Marda Stoliar – Pastry Chef and Instructor
The Orchid Series
A collection of interviews featuring inspiring women over 75 years young. Curious, engaged, active, interesting. The sort of woman I want to be when I grow up!
Decades ago—when Marda Stoliar was much younger—women wore heels and dresses. Everywhere. As hard as it is to imagine now, women’s sneakers did not exist.
If women wanted to wear athletic shoes, they shopped in the men’s department. “They didn’t fit us well, but that’s all we had to wear,” says Marda.
Reared in Portland, Oregon, Marda made her way across the country to study at New York City’s Pratt Institute. At the time, it was the nation’s only accredited school with a course in shoe design.
After graduation, she designed all sorts of shoes for a high-end company, including the first line of athletic footwear for women. While selecting leathers and shoe materials on European business trips, Marda reveled in the food and drink. She fell in love with a particular round, crusty bread and its airy center. And she wanted to learn to make it.
On future buying trips, Marda apprenticed in a Venetian bakery. She discussed footwear components during the day, caught a few hours of sleep, and reported for baking duty in the early morning hours.
“This work and tutoring had nothing to do with becoming anything,” says Marda. “I just wanted to learn.”
She mastered the techniques for light-as-a-feather croissants and sesame spelt breads and decadent French tarts. Marda adored the pastry work and eventually settled in then-tiny Bend, Oregon. Along with her belongings, she brought the western United States’ first French bread oven with her.
“Bend needed a good bakery,” says Marda. And she opened one. At Breads of France, devoted customers lined up for Marda’s Russian black bread and luscious lemon squares and “really gooey brownies.”
After a four-year run, due to arthritic hands from years of kneading and rolling, Marda closed her boulangerie. “Obstacles are just a part of life,” she says. “I’ve always thought it’s fun to figure out how to deal with them. You have to move on.”
For thirty years, people from Honduras, Pakistan, China, Europe—and beyond— have traveled to Marda’s kitchen to learn the art of French baking. “Who would have ever thought?” she says.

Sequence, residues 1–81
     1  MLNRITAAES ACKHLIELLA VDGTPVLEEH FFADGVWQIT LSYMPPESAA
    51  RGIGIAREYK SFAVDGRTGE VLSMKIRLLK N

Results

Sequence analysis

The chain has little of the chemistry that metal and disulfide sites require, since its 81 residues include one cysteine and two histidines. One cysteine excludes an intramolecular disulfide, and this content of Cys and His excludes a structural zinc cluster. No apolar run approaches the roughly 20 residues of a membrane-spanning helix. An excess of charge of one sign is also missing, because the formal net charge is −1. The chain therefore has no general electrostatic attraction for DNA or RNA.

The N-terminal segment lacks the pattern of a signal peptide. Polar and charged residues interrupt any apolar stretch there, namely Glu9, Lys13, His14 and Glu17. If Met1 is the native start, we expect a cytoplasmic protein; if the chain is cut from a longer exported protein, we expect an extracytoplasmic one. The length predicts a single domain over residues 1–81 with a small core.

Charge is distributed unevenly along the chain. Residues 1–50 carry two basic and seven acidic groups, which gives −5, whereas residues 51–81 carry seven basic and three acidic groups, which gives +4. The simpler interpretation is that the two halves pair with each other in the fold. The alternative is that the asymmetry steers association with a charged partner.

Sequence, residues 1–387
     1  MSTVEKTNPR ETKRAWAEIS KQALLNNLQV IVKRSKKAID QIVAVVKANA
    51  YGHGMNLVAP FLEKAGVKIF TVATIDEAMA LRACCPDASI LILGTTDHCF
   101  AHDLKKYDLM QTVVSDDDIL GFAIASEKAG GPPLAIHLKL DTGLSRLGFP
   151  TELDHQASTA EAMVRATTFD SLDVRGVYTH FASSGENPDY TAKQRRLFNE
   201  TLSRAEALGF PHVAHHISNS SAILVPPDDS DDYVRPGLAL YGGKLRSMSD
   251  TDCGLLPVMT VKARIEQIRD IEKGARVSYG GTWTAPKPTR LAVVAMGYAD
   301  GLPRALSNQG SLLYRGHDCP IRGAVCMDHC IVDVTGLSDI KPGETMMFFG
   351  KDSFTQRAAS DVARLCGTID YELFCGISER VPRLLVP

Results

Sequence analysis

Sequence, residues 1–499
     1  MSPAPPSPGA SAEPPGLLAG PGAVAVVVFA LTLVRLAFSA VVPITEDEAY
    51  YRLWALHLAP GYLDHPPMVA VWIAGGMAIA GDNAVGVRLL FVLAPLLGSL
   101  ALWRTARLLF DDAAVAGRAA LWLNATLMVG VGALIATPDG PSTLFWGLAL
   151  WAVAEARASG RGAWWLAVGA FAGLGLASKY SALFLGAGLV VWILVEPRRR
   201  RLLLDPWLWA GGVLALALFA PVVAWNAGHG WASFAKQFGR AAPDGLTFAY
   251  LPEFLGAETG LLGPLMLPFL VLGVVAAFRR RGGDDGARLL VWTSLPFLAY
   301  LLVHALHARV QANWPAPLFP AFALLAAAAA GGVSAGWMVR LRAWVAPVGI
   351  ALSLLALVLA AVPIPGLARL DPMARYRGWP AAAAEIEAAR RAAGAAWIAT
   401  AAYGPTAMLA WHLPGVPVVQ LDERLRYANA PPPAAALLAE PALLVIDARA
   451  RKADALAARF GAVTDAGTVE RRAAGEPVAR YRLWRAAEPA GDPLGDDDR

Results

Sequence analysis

Marda designs a one-on-one, multi-week program for each student’s specific needs and interests. One woman hoped to become a chocolatier, and a young man from Japan planned to make bagels in Tokyo. Some aspiring bakers want to learn a new skill or hobby; many dream of opening their own bakery.
Dr. Ezdan Fluckiger longed to find a meaningful occupation for his daughter, who has Down’s Syndrome. Through an internet search, the emergency room physician in Torrington, Wyoming discovered Marda’s baking course.
Six years later, “The Bread Doctor, is a win-win for Dr. Fluckiger’s family and his Wyoming farming town,” says Marda. Customers drive from Denver—with shopping bags to fill for themselves, friends, and neighbors—and wait in sixteen-degree weather to purchase artisan baked goods. Eleanor, the lucky daughter, is productive, engaged, and connected to her community.
The Bread Doctor is also a blessing to Marda. The widowed octogenarian, who has no children, spends Easter and much of December in Torrington. “I observe, make sure nothing is slipping and sliding, bring new product formulas I’ve created, and help target products to the demographic,” says Marda.
Many people twenty years younger don’t work as hard as Marda. Where does this articulate 80-year-old, with her pink and purple living room walls—and no wrinkles I can see—get her energy? “I was born that way,” she says. She walks when she can, but her main exercise is lugging 50-pound bags of flour around her kitchen.
“And I have no intention of retiring,” she says.
Marda’s Gift, a short film documenting Marda’s life story and her impact on those she teaches, their families, and their communities, is in development now.
Photos courtesy of Marda Stoliar